Challenges in Traditional Methods of Process Training

Challenges in Traditional Methods of Process Training

A process is a series of actions that are required to be performed for achieving a desired end result. The actions are planned systematically with pre-designed steps or procedures based on the objectives that need to be met. All organizations have set processes and procedures to carry out their activities, and employees need to be well trained to effectively carry out those processes.

Traditionally, employees learnt about the processes on-the-job, with the help of a mentor or through instructor-led classroom training methods. While on-the-job training is a long drawn process of trial and error, instructor-led classroom training also has its own challenges.

Let’s take a look at some of the challenges that trainers face while developing process training in the traditional way.

Challenge of making the course engaging and interactive:

Traditionally, processes were explained with the help of charts, or at best, through PowerPoint presentations, which basically consisted of static images. Comprehension of the process was largely dependent on the imagination of learners. Take for example, the course that needs to explain the oil refining process in an oil refinery. The following diagram taken from Wikipedia explains the typical flow diagram that depicts a crude oil distillation unit.

Source: Wikipedia

No matter how colorful and interactive you try to make the image in the PowerPoint presentation, it is still difficult for learners to comprehend the diagram and understand the process that it represents, unless supported by an elaborate explanation of the various units. Process training that relies only on diagrams and PowerPoint slides is less stimulating and rather boring. Animations and graphics will help make the eLearning courses more interactive and interesting.

Challenge of keeping pace in rapidly expanding organizations:

You have just completed a training program for 50 customer service representatives on how to handle customer queries on phone. However, your boss just then informs you that the proposal for recruiting more CSRs across various cities in the region has been approved, and you are being given the task of training them all as quickly as possible, to bring them up to speed by the time the company launches their new product. You will have to spend the next couple of weeks travelling from one city to the other, training CSRs. There is generally a high turnover of people in such jobs and chances are that new customer service representatives will be recruited on an ongoing basis. Is it financially viable to provide classroom training to each customer service representative? At the same time, new employees need to be trained on organizational procedures/practices, do’s and don’ts, etc., while dealing with customers right from the day one. This becomes a daunting task in a traditional training format. Having an online training program will make it viable and cost-effective for a rapidly expanding organization.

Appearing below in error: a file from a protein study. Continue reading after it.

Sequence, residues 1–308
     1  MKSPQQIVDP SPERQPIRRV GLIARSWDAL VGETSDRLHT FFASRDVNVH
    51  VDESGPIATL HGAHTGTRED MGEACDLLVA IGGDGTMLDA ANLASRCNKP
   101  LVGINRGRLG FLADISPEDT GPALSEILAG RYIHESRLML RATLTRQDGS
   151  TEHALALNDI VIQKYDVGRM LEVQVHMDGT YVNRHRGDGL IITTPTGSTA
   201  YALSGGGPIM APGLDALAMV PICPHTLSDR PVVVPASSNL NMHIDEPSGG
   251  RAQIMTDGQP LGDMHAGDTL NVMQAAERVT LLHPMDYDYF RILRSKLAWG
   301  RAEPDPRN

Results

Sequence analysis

Challenge of training a geographically dispersed workforce:

Adopting traditional methods of training for an organization that has its operations in several locations may not be viable in terms of the costs and quality. You may be the training head located at the corporate office of your organization, which has decided to standardize systems and processes to be implemented across all your operations worldwide. You could of course invite heads of each unit, train them, and expect them in turn to train the employees in their respective units. However, can you guarantee the quality and consistency of the training across all facilities? This poses a great challenge, which could be addressed to a considerable extent through eLearning.

Process training, be it manufacturing process, sales process or any other business process, needs to be interactive, simulating the actual work situation so that learners can truly understand the process, and apply it in their jobs.